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  • Suez shipping canal
  • peatland fire in Indonesia
  • seagrass
Your search has returned 82 articles:
  • 50 years ago, invasive species traveled the Suez Canal

    Biological invasion via Suez

    The Red Sea is invading the Mediterranean.… So far about 140 life-forms, mostly animal and mostly invertebrate, have crossed the Isthmus of Suez.… It is possible that this … will result in the loss of a few native fish and invertebrate populations to stiff competition from the newcomers. — Science News, March 30, 1968


    Whether the movement of...

    03/23/2018 - 07:00 Ecology, Animals, Ecosystems
  • Feature

    When bogs burn, the environment takes a hit

    In 2015, massive wildfires burned through Indonesia, sending thick smoke and haze as far as Thailand.

    These fires were “the worst environmental disaster in modern history,” says Thomas Smith, a wildfire expert at King’s College London. Smith estimates that the fires and smoke killed 100,000 people in Indonesia and neighboring countries and caused billions of...

    03/06/2018 - 12:00 Ecosystems, Climate, Agriculture
  • News

    Pollution regulations help Chesapeake Bay seagrass rebound

    Underwater grasses are growing back in the Chesapeake Bay. The plants now carpet three times as much real estate as in 1984, thanks to more than 30 years of efforts to reduce nitrogen pollution. This environmental success story shows that regulations put in place to protect the bay’s health have made a difference, researchers report the week of March 5 in Proceedings of the National Academy of...

    03/05/2018 - 15:00 Ecosystems, Oceans, Plants
  • News in Brief

    Ancient ozone holes may have sterilized forests 252 million years ago

    Volcano-fueled holes in Earth’s ozone layer 252 million years ago may have repeatedly sterilized large swaths of forest, setting the stage for the world’s largest mass extinction event. Such holes would have allowed ultraviolet-B radiation to blast the planet. Even radiation levels below those predicted for the end of the Permian period damage trees’ abilities to make seeds, researchers report...

    02/12/2018 - 07:00 Plants, Earth, Ecosystems
  • Science Stats

    Humans are overloading the world’s freshwater bodies with phosphorus

    Human activities are driving phosphorus levels in the world’s lakes, rivers and other freshwater bodies to a critical point. The freshwater bodies on 38 percent of Earth’s land area (not including Antarctica) are overly enriched with phosphorus, leading to potentially toxic algal blooms and less available drinking water, researchers report January 24 in Water Resources Research.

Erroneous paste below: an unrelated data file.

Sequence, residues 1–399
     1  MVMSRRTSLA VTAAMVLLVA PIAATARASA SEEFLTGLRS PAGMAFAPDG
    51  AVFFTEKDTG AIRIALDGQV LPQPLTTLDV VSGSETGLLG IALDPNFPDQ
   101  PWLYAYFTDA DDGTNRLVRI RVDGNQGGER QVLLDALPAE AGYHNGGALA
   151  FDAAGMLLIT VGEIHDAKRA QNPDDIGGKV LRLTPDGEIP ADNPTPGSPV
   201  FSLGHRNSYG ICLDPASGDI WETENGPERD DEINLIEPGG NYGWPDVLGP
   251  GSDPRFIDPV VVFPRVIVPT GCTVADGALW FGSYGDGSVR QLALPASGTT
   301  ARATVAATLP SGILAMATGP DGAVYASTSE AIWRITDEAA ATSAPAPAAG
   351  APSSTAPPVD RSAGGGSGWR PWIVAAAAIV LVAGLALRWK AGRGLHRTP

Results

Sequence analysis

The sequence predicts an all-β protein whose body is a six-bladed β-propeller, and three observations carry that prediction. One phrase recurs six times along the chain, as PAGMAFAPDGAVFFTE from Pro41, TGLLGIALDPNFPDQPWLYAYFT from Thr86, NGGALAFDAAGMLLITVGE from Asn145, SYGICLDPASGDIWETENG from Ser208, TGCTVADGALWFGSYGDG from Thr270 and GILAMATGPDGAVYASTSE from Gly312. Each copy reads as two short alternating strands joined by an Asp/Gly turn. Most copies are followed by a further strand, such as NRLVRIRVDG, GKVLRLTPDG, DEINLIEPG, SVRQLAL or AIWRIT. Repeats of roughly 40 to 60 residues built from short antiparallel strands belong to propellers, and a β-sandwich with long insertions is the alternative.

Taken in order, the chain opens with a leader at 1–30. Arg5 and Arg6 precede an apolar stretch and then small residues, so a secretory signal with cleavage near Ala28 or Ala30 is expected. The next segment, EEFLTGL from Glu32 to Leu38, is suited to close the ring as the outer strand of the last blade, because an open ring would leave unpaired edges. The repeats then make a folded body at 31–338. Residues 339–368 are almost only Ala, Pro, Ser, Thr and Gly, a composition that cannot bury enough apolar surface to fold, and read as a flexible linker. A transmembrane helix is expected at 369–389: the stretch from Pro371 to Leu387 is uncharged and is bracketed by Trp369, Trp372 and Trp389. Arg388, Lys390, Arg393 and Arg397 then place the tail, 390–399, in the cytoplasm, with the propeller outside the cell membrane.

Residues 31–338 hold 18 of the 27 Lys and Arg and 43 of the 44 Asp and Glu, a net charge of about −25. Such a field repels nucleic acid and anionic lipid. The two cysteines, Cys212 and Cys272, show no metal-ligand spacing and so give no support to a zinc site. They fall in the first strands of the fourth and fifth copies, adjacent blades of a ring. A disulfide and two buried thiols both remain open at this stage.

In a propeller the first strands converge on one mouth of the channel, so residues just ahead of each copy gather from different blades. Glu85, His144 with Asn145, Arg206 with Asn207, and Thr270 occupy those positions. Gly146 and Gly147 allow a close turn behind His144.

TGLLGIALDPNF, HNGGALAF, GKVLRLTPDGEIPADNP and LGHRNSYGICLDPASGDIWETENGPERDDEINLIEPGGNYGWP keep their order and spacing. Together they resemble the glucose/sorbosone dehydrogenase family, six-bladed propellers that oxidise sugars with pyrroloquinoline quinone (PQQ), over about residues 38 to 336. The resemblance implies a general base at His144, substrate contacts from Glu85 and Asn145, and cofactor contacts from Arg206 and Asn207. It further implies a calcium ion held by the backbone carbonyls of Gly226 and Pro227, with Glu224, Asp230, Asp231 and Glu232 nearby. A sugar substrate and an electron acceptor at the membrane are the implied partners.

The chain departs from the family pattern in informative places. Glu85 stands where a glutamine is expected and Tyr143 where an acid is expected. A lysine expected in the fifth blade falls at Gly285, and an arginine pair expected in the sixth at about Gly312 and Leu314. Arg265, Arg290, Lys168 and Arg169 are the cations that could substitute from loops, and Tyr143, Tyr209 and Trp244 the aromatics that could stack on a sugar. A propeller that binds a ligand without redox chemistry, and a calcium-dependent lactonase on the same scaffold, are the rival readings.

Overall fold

02/07/2018 - 11:00 Ecosystems, Pollution
  • News in Brief

    Plastic pollution increases risk of devastating disease in corals

    View the video

    Coral reefs are sick of plastic.

    More than 11 billion plastic objects are polluting Asia-Pacific coral reefs, a new estimate finds. This waste can harbor pathogenic bacteria known to make corals sick. Reefs littered with plastic were at least 20 times as likely to have diseased corals as unpolluted reefs, researchers say. 

    Corals succumbing to disease can throw...

    01/25/2018 - 17:00 Pollution, Oceans, Ecosystems
  • Year in Review

    The Larsen C ice shelf break has sparked groundbreaking research

    In 2015, glaciologist Daniela Jansen reported that a large rift was rapidly growing across one of the Antarctic Peninsula’s ice shelves, known as Larsen C. When the shelf broke, she and colleagues predicted, it would be the largest calving event in decades.

    It was. In July, a Delaware-sized iceberg split off from Larsen C  (SN: 8/5/17, p. 6). And researchers knew practically the...

    12/13/2017 - 08:30 Climate, Ecosystems, Oceans
  • News

    How bird feeders may be changing great tits’ beaks

    Some great tits in the United Kingdom are getting long in the beak — and it may have something to do with a British fondness for bird feeders.

    Parus major songbirds are thought to be relatively similar throughout Europe. But comparing DNA data from great tits in the United Kingdom with those in the Netherlands revealed key genetic differences between the two populations. The analysis,...

    10/23/2017 - 07:00 Evolution, Animals, Ecosystems
  • Feature

    Lakes worldwide feel the heat from climate change

    About 40 kilometers off Michigan’s Keweenaw Peninsula, in the waters of Lake Superior, rises the stone lighthouse of Stannard Rock. Since 1882, it has warned sailors in Great Lakes shipping lanes away from a dangerous shoal. But today, Stannard Rock also helps scientists monitor another danger: climate change.

    Since 2008, a meteorological station at the lighthouse has been measuring...

    05/01/2017 - 07:00 Climate, Ecosystems
  • Science Ticker

    The Great Barrier Reef is experiencing a major coral bleaching event right now

    A severe coral bleaching event spurred by high ocean temperatures has struck the Great Barrier Reef for an unprecedented second time in 12 months, reveal aerial surveys released April 10 by scientists at James Cook University in Townsville, Australia. While last year the northern third of the reef was hardest hit, this time around the reef’s midsection experienced the worst bleaching. The two...

    04/11/2017 - 15:45 Climate, Oceans, Ecosystems